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The "New" Democrat
by Vincent Fiore
28 September 2003Wesley Clark, "New" Democrat

The only difference between General Clark and his competitors is the four stars upon his shoulders.


Barely a week into his campaign, retired NATO Commander General Wesley Clark rests atop a Newsweek national poll at a commanding 14%. Trailing within the margin of error is fire-breather Howard Dean and the always mournful looking Senator Joe Lieberman, both at 12%. And as is the case with all Democratic candidates and polls this election season, the number that stands out is the "never heard of" one. Wesley Clark has officially joined the ranks of Democratic hopefuls with a 45% invisibility rating. But that surely will change as quickly as General Clark has changed political parties. Once a Republican, voting for Nixon and Reagan; at times claiming to be an independent; and now a "New" Democrat, ala Bill and Hillary Clinton.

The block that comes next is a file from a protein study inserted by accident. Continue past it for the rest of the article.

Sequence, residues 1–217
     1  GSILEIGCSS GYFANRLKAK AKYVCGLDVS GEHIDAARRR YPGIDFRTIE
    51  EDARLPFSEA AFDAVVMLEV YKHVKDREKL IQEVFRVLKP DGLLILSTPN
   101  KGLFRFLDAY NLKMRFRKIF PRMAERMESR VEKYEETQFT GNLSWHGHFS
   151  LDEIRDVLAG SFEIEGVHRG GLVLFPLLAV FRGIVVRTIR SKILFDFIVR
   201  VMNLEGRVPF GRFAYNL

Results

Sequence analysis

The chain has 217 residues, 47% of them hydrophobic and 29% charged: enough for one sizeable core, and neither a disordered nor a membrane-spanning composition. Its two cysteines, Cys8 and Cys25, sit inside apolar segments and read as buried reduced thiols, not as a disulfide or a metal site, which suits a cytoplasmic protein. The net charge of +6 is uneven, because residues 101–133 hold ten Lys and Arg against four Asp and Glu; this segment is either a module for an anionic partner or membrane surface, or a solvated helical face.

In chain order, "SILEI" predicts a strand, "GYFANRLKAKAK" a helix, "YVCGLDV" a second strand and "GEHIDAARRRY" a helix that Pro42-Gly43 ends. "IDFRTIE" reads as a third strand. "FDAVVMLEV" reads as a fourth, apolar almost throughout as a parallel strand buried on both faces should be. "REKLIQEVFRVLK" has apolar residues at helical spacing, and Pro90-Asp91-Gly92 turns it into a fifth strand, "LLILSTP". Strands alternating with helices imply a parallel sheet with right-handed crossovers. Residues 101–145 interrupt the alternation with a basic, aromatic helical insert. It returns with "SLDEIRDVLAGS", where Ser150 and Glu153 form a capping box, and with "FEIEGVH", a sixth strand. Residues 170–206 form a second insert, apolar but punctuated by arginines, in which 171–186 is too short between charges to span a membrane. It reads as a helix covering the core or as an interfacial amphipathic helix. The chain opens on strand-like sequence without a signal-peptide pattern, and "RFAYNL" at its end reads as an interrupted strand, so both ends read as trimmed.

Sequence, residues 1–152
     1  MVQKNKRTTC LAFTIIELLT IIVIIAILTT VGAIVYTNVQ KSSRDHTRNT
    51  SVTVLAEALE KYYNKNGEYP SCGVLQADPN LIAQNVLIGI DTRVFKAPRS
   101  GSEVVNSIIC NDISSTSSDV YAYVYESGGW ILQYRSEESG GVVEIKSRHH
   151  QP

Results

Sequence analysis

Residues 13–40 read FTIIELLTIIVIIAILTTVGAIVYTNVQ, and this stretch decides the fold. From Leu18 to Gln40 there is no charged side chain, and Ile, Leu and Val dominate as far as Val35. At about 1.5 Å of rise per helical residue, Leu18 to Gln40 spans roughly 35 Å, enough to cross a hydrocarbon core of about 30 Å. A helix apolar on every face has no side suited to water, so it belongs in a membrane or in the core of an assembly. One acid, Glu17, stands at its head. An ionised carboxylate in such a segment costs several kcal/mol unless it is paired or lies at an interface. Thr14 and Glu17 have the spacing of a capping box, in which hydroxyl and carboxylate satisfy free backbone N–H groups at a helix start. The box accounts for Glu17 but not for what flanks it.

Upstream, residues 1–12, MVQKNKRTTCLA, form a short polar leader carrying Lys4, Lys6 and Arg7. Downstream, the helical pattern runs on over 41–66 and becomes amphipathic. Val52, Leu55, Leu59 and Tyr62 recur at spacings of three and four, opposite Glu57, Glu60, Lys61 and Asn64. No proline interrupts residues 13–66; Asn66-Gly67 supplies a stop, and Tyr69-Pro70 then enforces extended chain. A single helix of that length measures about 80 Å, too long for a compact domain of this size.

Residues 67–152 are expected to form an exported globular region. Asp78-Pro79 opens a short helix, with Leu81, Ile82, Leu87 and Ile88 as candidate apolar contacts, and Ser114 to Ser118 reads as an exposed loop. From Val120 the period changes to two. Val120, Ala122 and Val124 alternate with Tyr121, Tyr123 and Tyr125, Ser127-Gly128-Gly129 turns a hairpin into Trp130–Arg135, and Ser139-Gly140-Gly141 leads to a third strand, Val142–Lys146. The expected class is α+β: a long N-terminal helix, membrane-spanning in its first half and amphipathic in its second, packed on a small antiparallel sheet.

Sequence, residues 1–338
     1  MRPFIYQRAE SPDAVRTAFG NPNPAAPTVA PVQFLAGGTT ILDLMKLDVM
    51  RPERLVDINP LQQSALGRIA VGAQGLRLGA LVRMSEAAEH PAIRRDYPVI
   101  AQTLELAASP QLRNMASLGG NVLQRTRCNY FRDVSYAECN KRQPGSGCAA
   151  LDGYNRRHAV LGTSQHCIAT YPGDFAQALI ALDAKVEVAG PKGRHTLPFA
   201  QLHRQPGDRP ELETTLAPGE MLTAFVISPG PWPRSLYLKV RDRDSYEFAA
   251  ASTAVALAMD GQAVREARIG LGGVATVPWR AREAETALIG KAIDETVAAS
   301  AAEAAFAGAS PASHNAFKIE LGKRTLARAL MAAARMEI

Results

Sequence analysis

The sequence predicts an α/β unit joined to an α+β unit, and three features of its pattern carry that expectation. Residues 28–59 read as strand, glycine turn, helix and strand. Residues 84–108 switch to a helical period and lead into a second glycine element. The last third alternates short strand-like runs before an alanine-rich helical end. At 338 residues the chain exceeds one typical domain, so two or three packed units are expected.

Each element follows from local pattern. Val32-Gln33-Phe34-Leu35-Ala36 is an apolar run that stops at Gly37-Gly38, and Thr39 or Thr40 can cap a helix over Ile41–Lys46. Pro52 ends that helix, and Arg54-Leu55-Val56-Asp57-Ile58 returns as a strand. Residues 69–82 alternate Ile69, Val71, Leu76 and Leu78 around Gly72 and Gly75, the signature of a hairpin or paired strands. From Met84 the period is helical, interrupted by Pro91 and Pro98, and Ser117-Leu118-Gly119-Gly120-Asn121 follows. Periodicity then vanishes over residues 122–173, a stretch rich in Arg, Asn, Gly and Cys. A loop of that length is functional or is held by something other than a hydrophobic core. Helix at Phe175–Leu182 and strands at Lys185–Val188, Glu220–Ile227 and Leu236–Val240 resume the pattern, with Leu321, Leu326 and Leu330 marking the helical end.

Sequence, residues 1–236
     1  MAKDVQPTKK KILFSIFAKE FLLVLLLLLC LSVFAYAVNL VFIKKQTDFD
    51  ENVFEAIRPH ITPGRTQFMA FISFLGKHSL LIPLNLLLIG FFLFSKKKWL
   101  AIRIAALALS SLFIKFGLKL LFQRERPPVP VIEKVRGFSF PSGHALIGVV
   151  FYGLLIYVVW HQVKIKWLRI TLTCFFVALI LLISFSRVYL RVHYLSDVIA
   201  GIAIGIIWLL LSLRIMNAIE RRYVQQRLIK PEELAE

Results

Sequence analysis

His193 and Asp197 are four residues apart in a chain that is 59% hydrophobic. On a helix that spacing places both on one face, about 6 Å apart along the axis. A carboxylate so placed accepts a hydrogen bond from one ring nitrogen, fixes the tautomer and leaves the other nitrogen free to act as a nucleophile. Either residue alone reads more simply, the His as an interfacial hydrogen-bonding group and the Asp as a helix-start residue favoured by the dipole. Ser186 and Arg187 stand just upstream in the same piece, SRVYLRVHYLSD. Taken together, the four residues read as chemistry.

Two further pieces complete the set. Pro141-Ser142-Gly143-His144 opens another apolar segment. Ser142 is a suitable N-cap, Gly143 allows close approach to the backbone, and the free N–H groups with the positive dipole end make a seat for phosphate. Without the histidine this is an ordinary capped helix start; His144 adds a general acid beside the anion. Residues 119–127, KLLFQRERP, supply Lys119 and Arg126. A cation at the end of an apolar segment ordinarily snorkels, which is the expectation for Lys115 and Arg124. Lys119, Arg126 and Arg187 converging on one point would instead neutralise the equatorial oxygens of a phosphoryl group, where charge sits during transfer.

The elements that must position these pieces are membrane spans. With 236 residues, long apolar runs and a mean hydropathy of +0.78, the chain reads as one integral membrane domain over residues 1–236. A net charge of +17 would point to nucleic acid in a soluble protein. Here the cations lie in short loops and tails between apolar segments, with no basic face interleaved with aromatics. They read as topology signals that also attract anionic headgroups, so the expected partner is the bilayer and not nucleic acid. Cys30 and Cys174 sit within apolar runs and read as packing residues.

Bringing the media elite to near joyful apoplexy, General Clark has been presented to the electorate as the savior of an otherwise drab Democratic presidential field. Billed as a Democrat with the military muscle to go up against Bush, progressives gleefully pen puffpiece commentary from their scented cubicles inside the editorial rooms. But what of this "new" rough and tumble Democrat? Who is he? And what does he stand for?